I want to close with a few remarks in my mother tongue, IsiZulu.


Izimayini zineqhaza elikhulu kabi ekuletheni umsebenzi nasekwakheni amathuba omsebenzi. Siyazi sonke ukuthi abanumzane nezinsizwa bebesuka emakhaya beyosebenza emgodini eGoli kuze bakwazi ukuthola imali yokondla imizi yabo, yokuthenga izinkomo nokusenga,nokufuya zikhokhe ilobolo. Ngiyabonga. [Ihlombe.]




Mr E J MARAIS: Chairperson, hon Ministers and Members of Parliament, I have to be brief due to the limited time allocated to me, so I will highlight two specific issues.

Programme 2 of Budget Vote No 28 focuses on the promotion of mine safety and health. The objective is to contribute to the reduction of mining-related deaths, injuries and ill health. I have a direct request to make of the Minister of Mining that he take a serious look at this programme, because the increase in the number of mine-related fatalities has raised concerns about mine health and safety. However, I admit that some fatalities are directly related to illegal mining.

Programme 3 of this Budget Vote is on mineral regulation. The focus is on administration of prospecting and mining rights, licensing and compliance with the Mineral and Petroleum Resources Development Act of 2002, including mine environmental compliance. The department must be committed to reducing the government's environmental liability and to minimising the pollution impact of the mining sector. This programme must regulate the sector by encouraging compliance with sound environmental practices.


Graag wil ek dan nou vir 'n oomblik stilstaan by die toekenning van mynregte wat die voortbestaan van die Verlorenvallei en omgewing kan vernietig. Bongani Minerals het aansoek gedoen vir die mynregte vir die ontginning van Tungsten in die Moutonshoekvallei geleë tussen Piketberg en Elandsbaai aan die Weskus. Dit is in die ontvangsgebied van die Verlorenvlei wat as 'n Ramsar gebied verklaar is. Dit is een van die grootste natuurlike vleilande aan die Weskus en een van enkele varswatervleilande in Suid-Afrika.

Die Krom Antoniesrivier is die voedingsbron van die Verlorenvlei en is die suiwerste skoon bron van water wat lei na die vlei. Die ironie is dat die gebied waar die beplande oopgroefmyn van 200 meter diep, by die oorsprong van die rivier is, bo in die vallei beplan word.

Ernstige kommer bestaan dus oor die impak van die myn en gifstowwe wat vrygestel gaan word, aangesien soda-as gebruik word om wolfraam uit die erts te verwyder en dit in die water gaan beland. Dit is nie net Moutonshoek wat geraak gaan word nie, maar die totale landbou aktiwiteite in die gebied wat strek tot by Elandsbaai. Die risiko, wat die beplande myn inhou vir besoedeling van die grond en bo-grondse water, is groter as die voordele van die nuwe werksgeleenthede wat geskep gaan word.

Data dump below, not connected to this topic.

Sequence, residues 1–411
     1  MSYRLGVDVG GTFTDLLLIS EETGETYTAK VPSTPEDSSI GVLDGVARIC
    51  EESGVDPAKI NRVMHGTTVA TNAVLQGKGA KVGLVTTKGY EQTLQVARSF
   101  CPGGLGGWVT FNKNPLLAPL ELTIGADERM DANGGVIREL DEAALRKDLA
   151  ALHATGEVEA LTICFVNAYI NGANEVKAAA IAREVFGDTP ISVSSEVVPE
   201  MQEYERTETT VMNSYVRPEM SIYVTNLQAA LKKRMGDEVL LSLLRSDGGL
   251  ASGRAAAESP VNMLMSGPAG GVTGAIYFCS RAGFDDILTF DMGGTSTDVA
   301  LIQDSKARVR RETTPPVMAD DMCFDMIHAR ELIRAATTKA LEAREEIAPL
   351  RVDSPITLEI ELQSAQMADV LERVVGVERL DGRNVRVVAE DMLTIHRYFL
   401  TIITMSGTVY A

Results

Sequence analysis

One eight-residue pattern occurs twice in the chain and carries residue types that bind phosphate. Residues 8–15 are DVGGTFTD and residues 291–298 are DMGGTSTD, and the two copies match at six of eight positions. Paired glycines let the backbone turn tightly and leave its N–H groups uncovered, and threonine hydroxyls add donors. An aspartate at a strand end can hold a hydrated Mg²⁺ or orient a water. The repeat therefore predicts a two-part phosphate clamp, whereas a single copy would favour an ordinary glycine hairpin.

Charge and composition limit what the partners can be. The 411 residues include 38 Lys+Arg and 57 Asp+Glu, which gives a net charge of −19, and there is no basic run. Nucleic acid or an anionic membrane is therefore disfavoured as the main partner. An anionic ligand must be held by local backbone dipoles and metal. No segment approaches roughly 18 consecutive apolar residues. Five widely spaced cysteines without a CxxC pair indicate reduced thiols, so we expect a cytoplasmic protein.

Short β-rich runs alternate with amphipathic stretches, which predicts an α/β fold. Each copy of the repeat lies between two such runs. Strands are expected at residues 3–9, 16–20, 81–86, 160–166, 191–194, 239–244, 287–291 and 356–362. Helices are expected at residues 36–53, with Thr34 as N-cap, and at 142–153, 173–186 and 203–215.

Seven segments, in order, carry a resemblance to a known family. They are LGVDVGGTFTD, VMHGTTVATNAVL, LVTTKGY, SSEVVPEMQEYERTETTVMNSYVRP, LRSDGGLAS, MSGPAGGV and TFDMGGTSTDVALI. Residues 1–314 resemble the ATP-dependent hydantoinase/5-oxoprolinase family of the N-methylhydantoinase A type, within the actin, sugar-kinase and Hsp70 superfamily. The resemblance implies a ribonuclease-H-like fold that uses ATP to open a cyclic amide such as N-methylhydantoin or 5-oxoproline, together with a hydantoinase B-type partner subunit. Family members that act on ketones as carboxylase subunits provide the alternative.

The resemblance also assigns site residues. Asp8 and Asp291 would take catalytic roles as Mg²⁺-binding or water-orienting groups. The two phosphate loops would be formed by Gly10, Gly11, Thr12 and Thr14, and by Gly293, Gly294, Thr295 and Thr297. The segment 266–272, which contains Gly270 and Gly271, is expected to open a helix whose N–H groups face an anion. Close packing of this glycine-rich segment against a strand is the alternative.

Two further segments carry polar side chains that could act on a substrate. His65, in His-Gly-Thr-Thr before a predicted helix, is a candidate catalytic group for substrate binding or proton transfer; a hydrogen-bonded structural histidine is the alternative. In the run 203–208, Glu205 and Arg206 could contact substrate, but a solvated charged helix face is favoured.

Maksimum werksgeleenthede wat moontlik geskep kan word vir dié myn wat na verwagting slegs 'n 20 jaar leeftyd het, is aanvanklik slegs 300 in die aanvanklike konstruksie periode en daarna 407 werksgeleenthede. In hierdie gebied vind intensiewe boerdery aktiwiteite plaas, waarin seisoentyd tot 'n 1 000 werksgeleenthede geskep word en dit slegs in die Moutonshoekvallei. [Tyd verstreke.] Dankie. [Applous.]




Ms N F MATHIBELA: Chairperson, hon Ministers, Deputy Ministers present, hon members, ladies and gentlemen, the ANC supports this Budget Vote.

The advent of democracy in South Africa brought a paradigm shift on issues of health and safety in the mining industry. This shift has been from safety to health and safety in working environments, particularly the mining industry. It has always been the view of the African National Congress that mineworkers are a valuable part or component of the mining industry. Therefore, the health of mineworkers is central to the health and productivity of mines; mineworkers are the heartbeat of the mining industry.

The Reconstruction and Development Programme, RDP, alludes to mining as a hard and dangerous job, and mineworkers labour under stressful conditions, often deep under the earth. The RDP envisages a new set of minimum standards for the mining industry that ensures fair wages and employment conditions for all workers and a health and safety system that recognises special hazards related to mining. Fundamentally, the Mine Health and Safety Amendment Act of 2008 is premised on the RDP. Mindful of the drudgery facing mineworkers, we continue to develop mechanisms to address challenges of health and safety in mines.